POP ETC's 2012 self-titled release finds the band formerly known as The Morning Benders making a pretty big shift. Not only was it a change of name, this album works as a reboot of sorts. This doesn't feel like the same band that recorded Big Echo. Instead of embracing experimental rock producer (and Grizzly Bear bassist,) Chris Taylor, POP ETC brought in Brian Burton (aka Danger Mouse) and Andrew Dawson (producer for Kayne West and Lil Wayne) to work on this reinvention. The result is an album that has all the right ingredients: bombastic melodies, electronic synthesizers, drum machines, but it falls short of producing any really memorable moments.
The most frustrating aspect of this album is the potential. It really sounds great. It sounds like it should be a fantastic album. There's nothing really wrong with the production, instrumentation, or vocals. POP ETC just seems to lack the soul. The band doesn't feel committed; instead, it feels like a cynical, pre-manufactured attempt to gain fame. It feels as if the members of the band were operating with a check-list, adding in all the ingredients to make a modern, top-40 radio success. Instead of creating a genuine "celebration-of-pop" (as the band is calling it), it feels less like a salute and more like mimcry. POP ETC feels like a piece of candy -- it's great in the moment, but it has no nutritional value and isn't filling. The melodies created here just aren't catchy enough to really make these songs enduring.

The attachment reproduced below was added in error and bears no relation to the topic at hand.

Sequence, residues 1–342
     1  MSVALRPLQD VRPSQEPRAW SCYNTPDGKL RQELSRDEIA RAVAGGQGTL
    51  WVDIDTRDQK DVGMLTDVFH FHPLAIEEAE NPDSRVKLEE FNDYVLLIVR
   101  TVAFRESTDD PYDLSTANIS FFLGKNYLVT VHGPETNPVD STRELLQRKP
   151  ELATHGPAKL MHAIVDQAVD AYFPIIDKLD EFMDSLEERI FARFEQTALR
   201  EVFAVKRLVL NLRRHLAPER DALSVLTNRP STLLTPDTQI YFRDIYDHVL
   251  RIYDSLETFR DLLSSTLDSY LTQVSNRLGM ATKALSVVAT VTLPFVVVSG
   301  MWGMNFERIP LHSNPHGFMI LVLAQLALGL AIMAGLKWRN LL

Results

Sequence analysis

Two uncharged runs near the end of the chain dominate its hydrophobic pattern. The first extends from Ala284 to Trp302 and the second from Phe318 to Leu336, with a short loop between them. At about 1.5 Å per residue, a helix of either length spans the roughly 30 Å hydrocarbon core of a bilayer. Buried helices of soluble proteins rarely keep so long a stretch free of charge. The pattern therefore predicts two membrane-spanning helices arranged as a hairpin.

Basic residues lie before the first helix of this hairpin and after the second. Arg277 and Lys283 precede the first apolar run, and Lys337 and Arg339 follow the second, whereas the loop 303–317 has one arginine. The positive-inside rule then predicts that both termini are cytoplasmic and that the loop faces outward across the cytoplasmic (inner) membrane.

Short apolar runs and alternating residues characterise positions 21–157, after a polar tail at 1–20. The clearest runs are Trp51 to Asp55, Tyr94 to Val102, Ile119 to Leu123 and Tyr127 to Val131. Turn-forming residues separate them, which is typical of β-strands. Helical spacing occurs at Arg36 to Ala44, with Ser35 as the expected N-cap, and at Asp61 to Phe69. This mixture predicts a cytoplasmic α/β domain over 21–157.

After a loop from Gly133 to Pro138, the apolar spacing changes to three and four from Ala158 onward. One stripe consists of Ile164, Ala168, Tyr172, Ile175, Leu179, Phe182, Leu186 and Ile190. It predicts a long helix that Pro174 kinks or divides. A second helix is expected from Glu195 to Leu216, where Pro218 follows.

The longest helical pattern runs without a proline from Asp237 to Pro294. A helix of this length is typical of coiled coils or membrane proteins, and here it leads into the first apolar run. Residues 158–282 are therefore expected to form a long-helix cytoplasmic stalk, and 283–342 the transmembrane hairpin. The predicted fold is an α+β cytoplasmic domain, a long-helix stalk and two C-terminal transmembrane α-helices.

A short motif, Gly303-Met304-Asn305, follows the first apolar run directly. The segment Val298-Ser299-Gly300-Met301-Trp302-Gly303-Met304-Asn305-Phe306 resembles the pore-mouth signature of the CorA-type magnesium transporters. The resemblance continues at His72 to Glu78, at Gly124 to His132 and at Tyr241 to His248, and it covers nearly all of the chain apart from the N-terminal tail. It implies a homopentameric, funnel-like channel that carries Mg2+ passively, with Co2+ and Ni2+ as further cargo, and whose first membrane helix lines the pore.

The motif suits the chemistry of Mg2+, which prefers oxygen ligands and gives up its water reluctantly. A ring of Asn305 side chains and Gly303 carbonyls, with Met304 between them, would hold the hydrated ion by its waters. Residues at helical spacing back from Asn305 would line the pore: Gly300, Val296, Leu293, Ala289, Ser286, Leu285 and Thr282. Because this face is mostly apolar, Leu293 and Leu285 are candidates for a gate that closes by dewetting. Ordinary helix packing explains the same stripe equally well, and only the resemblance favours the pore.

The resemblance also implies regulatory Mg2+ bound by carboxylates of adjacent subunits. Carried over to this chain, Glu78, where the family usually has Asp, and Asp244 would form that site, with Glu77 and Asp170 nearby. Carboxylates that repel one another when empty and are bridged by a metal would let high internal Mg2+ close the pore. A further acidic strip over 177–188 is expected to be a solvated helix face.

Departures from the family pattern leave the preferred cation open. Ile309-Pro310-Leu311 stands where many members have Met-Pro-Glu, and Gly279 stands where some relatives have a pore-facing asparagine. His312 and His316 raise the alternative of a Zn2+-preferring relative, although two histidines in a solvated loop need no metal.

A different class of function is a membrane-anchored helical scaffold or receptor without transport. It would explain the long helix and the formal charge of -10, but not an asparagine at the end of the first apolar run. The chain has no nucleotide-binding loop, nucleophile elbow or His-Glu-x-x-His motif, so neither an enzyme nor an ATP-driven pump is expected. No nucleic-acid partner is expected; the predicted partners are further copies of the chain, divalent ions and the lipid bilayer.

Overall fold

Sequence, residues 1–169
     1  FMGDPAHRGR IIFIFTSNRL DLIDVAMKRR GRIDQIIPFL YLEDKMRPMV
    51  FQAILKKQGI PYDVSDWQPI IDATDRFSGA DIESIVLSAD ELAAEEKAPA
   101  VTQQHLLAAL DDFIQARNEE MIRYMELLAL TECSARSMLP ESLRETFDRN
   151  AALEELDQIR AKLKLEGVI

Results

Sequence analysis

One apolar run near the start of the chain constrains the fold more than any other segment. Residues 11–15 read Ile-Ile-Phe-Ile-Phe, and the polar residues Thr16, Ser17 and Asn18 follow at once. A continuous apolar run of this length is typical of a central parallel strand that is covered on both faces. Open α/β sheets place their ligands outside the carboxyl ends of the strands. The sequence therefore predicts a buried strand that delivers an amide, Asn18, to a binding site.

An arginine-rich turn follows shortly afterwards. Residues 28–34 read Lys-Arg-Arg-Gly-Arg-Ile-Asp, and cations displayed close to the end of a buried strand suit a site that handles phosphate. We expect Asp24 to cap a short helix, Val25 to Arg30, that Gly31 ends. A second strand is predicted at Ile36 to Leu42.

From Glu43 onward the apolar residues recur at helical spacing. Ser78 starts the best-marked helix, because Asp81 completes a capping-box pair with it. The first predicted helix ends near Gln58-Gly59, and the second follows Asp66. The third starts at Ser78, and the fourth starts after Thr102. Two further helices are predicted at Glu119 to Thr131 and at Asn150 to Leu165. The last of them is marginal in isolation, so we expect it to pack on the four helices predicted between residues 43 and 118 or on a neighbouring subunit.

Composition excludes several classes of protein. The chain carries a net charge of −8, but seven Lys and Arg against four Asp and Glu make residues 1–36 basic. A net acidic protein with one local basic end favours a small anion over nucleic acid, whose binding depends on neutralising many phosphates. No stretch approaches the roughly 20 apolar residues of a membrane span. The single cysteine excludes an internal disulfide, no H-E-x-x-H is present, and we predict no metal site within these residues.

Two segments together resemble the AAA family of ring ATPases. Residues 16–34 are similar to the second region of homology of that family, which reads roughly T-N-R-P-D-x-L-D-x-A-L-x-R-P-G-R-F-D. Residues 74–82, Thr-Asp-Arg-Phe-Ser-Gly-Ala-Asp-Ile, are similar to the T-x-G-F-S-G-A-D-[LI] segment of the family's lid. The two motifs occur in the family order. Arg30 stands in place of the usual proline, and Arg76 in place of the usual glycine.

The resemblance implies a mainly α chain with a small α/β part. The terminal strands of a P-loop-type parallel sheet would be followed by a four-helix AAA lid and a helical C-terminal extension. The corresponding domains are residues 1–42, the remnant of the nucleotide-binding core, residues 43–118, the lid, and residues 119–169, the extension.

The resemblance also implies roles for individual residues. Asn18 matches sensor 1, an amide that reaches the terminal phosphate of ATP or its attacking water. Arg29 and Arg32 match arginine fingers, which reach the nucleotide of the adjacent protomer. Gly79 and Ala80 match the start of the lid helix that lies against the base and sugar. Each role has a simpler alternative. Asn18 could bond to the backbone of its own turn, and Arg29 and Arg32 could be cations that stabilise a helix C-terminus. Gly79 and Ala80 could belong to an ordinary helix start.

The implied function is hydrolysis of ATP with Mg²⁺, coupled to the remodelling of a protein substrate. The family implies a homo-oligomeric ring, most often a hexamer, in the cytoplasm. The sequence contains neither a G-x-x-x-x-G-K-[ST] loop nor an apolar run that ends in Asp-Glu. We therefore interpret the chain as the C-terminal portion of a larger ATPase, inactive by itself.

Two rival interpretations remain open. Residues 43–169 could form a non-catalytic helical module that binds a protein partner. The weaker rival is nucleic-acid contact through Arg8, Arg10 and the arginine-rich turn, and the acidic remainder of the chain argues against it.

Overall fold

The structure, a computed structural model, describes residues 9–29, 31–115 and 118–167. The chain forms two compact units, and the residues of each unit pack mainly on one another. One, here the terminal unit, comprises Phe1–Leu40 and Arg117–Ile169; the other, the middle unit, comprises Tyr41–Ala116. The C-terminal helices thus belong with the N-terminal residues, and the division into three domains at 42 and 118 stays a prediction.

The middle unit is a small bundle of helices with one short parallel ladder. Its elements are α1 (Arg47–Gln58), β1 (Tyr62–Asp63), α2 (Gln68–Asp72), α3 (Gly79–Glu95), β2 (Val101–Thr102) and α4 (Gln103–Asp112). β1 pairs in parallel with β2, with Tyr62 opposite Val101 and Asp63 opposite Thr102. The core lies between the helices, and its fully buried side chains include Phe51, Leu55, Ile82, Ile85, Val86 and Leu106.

Fans of Danger Mouse's projects might find something here to enjoy. Anyone with an interest in genre-blending pop records should give POP ETC a try; while I didn't like this album too much, I'm sure it will find its audience. This album would work well in any party setting -- it's light, breezy, and inoffensive. Recommended tracks to sample: "Halfway to Heaven," and "New Life."